links for 2009-06-20

  • "On March 4, 1929, Herbert Hoover took the oath of office as the thirty-first president of the United States. America, its new leader told the rain-soaked crowd of 50,0000 around the Capitol and countless more listening to the radio, was 'filled with millions of happy homes; blessed with comfort and opportunity.'

    He spoke in a monotone, but his words were oracular. 'We are steadily building a new race, a new civilization great in its own attainments,' he claimed. 'I have no fears for the future of the country. It is bright with hope.' One assertion more than any other articulated the theme of his inaugural address: 'In no nation ‘are the fruits of accomplishment more secure.'"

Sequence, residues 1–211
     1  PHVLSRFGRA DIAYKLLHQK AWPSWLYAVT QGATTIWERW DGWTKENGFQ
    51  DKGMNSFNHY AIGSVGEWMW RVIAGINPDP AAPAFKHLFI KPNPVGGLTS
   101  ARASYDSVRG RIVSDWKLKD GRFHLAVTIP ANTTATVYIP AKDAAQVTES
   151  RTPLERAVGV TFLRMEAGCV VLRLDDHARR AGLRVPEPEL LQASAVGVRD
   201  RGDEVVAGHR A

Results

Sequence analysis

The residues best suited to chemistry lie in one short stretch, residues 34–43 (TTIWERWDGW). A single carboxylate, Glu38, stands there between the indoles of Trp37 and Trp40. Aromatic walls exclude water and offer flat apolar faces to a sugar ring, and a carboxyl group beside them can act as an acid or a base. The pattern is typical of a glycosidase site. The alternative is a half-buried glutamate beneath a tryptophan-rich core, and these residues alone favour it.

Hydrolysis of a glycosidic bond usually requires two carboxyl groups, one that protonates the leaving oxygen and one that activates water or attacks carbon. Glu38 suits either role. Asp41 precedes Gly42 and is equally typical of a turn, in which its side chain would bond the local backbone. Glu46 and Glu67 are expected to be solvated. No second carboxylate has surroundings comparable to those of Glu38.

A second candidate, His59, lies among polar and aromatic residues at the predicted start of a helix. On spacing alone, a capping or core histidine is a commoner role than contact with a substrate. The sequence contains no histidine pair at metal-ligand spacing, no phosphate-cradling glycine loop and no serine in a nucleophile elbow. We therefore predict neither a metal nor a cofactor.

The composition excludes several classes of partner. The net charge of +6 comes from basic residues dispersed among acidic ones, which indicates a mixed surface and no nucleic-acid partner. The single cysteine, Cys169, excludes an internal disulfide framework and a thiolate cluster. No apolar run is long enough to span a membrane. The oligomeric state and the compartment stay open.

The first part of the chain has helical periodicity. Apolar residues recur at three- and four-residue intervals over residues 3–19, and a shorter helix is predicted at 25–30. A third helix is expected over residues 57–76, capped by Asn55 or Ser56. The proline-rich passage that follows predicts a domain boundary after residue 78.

• "In 1802 Georg W.F. Hegel wrote an impassioned treatise on faith and reason, articulating the major philosophical conflict of the day. Among European intellectual circles, the Enlightenment credo, which celebrated the "sovereignty of reason," had recently triumphed. From that standpoint, human intellect was a self-sufficient measure of the true, the just, and the good. The outlook's real target, of course, was religion, which the philosophes viewed as the last redoubt of delusion and superstition. Theological claims, they held, could only lead mankind astray. Once the last ramparts of unreason were breached — our mental Bastilles, as it were — sovereign reason would take command and, presumably, human perfection would not be long in coming."